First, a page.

BACKGROUND: We examined the associations between germline variants and breast cancer mortality using a large meta-analysis of women of European ancestry. METHODS: Meta-analyses included summary estimates based on Cox models of twelve datasets using ~10.4 million variants for 96,661 women with breast cancer and 7697 events (breast cancer-specific deaths). Oestrogen receptor (ER)-specific analyses were based on 64,171 ER-positive (4116) and 16,172 ER-negative (2125) patients. We evaluated the probability of a signal to be a true positive using the Bayesian false discovery probability (BFDP). RESULTS: We did not find any variant associated with breast cancer-specific mortality at P?<?5?×?10-8. For ER-positive disease, the most significantly associated variant was chr7:rs4717568 (BFDP?=?7%, P?=?1.28?×?10-7, hazard ratio [HR]?=?0.88, 95% confidence interval [CI]?=?0.84-0.92); the closest gene is AUTS2. For ER-negative disease, the most significant variant was chr7:rs67918676 (BFDP?=?11%, P?=?1.38?×?10-7, HR?=?1.27, 95% CI?=?1.16-1.39); located within a long intergenic non-coding RNA gene (AC004009.3), close to the HOXA gene cluster. CONCLUSIONS: We uncovered germline variants on chromosome 7 at BFDP?<?15% close to genes for which there is biological evidence related to breast cancer outcome. However, the paucity of variants associated with mortality at genome-wide significance underpins the challenge in providing genetic-based individualised prognostic information for breast cancer patients.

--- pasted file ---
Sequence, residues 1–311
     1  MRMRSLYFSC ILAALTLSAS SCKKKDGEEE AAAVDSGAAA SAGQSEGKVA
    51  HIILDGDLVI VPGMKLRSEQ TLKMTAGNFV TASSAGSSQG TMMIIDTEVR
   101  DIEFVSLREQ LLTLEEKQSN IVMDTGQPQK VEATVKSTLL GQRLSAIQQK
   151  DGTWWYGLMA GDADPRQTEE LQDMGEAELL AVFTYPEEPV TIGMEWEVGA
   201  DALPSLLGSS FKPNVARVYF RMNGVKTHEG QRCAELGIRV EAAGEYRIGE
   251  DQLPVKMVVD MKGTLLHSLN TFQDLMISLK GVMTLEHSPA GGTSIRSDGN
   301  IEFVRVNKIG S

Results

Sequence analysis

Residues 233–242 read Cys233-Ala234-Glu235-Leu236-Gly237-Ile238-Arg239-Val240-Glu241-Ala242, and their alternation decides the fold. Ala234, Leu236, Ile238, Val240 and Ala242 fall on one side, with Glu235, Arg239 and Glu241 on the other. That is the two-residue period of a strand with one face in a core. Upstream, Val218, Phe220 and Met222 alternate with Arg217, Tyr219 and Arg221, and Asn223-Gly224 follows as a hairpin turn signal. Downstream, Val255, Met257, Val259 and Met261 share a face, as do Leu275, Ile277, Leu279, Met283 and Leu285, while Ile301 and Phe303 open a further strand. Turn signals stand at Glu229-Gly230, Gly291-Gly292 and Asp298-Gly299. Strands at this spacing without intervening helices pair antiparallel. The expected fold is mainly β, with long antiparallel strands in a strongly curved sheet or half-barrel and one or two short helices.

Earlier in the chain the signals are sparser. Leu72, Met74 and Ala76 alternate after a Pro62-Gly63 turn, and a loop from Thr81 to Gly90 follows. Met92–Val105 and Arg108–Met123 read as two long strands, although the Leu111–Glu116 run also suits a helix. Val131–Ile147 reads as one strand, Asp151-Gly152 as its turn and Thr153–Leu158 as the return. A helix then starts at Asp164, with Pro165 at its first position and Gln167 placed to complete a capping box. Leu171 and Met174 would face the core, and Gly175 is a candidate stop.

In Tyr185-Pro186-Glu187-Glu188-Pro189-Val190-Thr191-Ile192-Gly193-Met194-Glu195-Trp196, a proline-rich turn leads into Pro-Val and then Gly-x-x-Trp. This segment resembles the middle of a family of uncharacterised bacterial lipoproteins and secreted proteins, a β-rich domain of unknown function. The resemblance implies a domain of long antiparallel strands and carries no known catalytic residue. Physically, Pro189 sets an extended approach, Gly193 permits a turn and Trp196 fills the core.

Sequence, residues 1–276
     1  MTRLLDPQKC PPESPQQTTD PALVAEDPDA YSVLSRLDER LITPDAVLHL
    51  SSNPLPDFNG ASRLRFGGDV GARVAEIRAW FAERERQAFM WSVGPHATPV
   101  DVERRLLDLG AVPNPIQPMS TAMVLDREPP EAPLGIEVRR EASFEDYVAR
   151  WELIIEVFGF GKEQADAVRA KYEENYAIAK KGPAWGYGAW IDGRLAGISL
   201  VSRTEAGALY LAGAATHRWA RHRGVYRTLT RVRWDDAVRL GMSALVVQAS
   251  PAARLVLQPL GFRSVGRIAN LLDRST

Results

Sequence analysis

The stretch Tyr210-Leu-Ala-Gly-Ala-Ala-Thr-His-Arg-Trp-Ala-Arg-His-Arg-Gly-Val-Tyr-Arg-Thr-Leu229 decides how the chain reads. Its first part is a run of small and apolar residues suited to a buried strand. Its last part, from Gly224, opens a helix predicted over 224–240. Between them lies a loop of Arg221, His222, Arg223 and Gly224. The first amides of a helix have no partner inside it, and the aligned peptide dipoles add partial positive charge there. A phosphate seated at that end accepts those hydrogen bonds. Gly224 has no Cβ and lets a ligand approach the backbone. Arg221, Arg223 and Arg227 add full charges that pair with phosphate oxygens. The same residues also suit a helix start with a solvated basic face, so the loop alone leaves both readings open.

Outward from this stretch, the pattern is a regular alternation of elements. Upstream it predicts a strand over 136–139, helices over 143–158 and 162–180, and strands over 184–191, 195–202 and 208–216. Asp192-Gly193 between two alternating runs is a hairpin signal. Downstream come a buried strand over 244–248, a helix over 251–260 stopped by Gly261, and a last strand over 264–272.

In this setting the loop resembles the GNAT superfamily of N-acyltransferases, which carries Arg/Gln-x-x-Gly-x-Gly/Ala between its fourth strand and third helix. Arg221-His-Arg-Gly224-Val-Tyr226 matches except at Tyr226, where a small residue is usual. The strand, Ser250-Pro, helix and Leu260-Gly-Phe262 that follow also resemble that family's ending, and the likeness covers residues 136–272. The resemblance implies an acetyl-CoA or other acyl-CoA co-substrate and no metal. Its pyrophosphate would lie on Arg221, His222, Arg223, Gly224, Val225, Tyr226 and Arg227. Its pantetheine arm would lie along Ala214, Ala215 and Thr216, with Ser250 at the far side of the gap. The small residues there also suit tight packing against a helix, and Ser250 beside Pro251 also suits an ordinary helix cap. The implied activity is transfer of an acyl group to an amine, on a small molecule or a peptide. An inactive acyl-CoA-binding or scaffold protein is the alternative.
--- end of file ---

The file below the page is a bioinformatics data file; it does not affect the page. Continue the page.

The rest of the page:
• Two truncating variants in FANCC and breast cancer risk

      Dork, T; Peterlongo, P; Mannermaa, A; Bolla, MK; Wang, Q; Dennis, J; Ahearn, T; Andrulis, IL; Anton-Culver, H; Arndt, V; et al. (2019)
      Fanconi anemia (FA) is a genetically heterogeneous disorder with 22 disease-causing genes reported to date. In some FA genes, monoallelic mutations have been found to be associated with breast cancer risk, while the risk associations of others remain unknown. The gene for FA type C, FANCC, has been proposed as a breast cancer susceptibility gene based on epidemiological and sequencing studies. We used the Oncoarray project to genotype two truncating FANCC variants (p.R185X and p.R548X) in 64,760 breast cancer cases and 49,793 controls of European descent. FANCC mutations were observed in 25 cases (14 with p.R185X, 11 with p.R548X) and 26 controls (18 with p.R185X, 8 with p.R548X). There was no evidence of an association with the risk of breast cancer, neither overall (odds ratio 0.77, 95%CI 0.44-1.33, p?=?0.4) nor by histology, hormone receptor status, age or family history. We conclude that the breast cancer risk association of these two FANCC variants, if any, is much smaller than for BRCA1, BRCA2 or PALB2 mutations. If this applies to all truncating variants in FANCC it would suggest there are differences between FA genes in their roles on breast cancer risk and demonstrates the merit of large consortia for clarifying risk associations of rare variants.